Maureen Alden argues that both the suitors and Odysseus replicate Polyphemus’ moral failings: the suitors through their the dull-witted, lawless, drunken, and gluttonous behavior, and Odysseus through the act of trapping and killing people in his own home (Para-Narratives in the Odyssey, pp. 234–255).
The text emphasizes Odysseus’ anger before and during the massacre. He is described as ὑπόδρα ἰδών (“looking angrily”) six times (Odyssey 18.14, 18.337, 19.70, 22.34, 22.60, 22.320). He punctuates the massacre with several angry speeches and he refuses multiple requests for mercy (Odyssey 22.42–501). His name even derives from the verb ὀδύσσομαι (“to feel anger”), suggesting that an act of incredible wrath is fundamental to his story (Odyssey 19.405-8).
There are indications that Odysseus is engaging in literal overkill. Some of the suitors show enough decency to make us wonder if they deserve mercy. Although their leader Antinous refuses to give the disguised Odysseus anything, the others rebuke him and give Odysseus a portion of their feast (Odyssey 17.367–491). When the suitors’ families rally to exact revenge on Odysseus and his family, we see the consequences of this wanton murder (Odyssey 24.232–549).
An act of mass murder is practically a requirement for Greek mythic heroes. Recall Heracles’ murder of his family in a fit of madness (Euripides, Heracles 922–1015), Achilles’ willingness to tilt the tide of Trojan War against his erstwhile companions (Iliad 1.401–412), and Ajax’s attempted massacre of the Greek army at Troy (Sophocles, Ajax 36–73). Could Odysseus’ slaughter of over 100 suitors and 12 enslaved women be the crime necessary to make him a real hero?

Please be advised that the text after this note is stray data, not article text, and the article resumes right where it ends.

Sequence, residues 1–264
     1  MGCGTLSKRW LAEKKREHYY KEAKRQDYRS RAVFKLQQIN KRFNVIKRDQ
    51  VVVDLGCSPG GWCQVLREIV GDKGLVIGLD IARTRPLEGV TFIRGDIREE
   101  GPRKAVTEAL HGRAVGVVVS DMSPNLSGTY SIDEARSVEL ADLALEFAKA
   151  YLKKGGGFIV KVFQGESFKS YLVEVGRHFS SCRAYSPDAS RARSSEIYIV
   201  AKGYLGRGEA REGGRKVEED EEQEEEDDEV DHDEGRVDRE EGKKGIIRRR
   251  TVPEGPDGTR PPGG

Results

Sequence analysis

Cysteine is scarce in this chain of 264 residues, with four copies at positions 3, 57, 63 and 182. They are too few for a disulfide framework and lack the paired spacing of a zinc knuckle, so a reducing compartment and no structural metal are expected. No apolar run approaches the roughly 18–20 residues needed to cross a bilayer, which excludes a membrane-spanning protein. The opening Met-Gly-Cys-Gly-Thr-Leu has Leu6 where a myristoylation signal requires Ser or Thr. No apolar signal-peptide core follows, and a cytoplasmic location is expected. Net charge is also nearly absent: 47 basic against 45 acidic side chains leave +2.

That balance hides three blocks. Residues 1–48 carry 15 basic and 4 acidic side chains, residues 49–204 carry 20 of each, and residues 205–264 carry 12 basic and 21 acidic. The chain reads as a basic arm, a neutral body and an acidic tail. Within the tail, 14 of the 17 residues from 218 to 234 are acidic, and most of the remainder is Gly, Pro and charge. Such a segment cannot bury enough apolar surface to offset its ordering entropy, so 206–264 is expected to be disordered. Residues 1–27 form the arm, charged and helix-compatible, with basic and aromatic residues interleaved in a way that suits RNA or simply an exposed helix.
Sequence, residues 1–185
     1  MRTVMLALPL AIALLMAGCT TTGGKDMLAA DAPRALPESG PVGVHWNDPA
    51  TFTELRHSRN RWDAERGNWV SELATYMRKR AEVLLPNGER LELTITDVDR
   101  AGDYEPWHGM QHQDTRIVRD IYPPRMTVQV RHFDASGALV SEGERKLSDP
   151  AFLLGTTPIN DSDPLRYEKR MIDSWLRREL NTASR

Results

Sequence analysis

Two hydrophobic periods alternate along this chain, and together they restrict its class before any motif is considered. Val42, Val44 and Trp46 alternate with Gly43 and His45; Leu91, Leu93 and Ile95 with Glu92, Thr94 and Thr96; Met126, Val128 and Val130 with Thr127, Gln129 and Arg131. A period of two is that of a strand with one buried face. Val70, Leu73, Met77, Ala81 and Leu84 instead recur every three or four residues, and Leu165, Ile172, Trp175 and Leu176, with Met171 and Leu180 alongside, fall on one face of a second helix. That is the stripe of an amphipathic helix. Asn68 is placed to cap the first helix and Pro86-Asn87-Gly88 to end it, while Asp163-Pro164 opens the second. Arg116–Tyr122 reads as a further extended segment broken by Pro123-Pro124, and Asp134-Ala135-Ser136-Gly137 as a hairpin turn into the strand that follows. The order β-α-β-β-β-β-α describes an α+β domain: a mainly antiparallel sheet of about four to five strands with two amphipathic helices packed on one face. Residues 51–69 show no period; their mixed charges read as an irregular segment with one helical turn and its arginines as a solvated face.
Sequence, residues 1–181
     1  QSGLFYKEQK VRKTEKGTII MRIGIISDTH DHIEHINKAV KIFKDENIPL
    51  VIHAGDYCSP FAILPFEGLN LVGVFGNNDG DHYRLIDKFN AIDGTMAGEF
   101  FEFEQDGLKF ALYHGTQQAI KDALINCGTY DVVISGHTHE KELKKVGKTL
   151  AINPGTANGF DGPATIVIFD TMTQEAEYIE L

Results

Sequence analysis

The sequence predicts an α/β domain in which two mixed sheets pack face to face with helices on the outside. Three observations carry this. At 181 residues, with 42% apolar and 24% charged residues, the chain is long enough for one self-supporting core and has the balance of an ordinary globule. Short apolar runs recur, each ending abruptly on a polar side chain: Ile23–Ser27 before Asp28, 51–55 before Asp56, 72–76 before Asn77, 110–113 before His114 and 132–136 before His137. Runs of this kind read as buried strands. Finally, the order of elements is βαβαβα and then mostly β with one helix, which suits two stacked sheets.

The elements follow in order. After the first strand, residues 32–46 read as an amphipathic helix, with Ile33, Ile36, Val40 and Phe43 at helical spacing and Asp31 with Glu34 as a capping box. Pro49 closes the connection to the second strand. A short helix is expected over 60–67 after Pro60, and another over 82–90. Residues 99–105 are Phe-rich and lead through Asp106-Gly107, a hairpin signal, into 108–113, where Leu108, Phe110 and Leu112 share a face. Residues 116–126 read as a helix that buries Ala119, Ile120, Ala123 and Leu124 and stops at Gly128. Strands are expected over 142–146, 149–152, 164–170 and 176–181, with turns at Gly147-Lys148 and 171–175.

This would seem to be the case if the poem did not go out of its way to imply that only those who truly deserved it faced Odysseus’ wrath. The poem repeatedly brings up the suitors’ terrible behavior and violation of civilized norms. They eschew Greek customs of hospitality when they show no respect for their host, Telemachus, and even conspire to ambush him (Odyssey 1.365–424). Although their ringleader, Antinous, is clearly the worst of them, Eurymachus mimics him when he throws a stool at the disguised Odysseus, just like Antinous had done one book earlier (Odyssey 17.373–380, 18.395–400). This doubling discredits Eurymachus when he tries to blame all the suitors’ crimes against Odysseus’ house on Antinous (Odyssey 22.45–58).
The poem similarly assures us of the enslaved women’s guilt. First, it emphasizes Odysseus’ selectivity with these women. As they plot to retake the household, Odysseus urges Telemachus “to find out which of our slave women are dishonoring you [by sleeping with the suitors] and which ones are innocent” (Odyssey 16.316–317). The twelve women who are hung are only the ones that Eurykleia singles out from the household’s fifty enslaved women (Odyssey 22.420–427).
There is even a scene in which Odysseus sees these women happily join the suitors in bed (20.6–13, translation mine):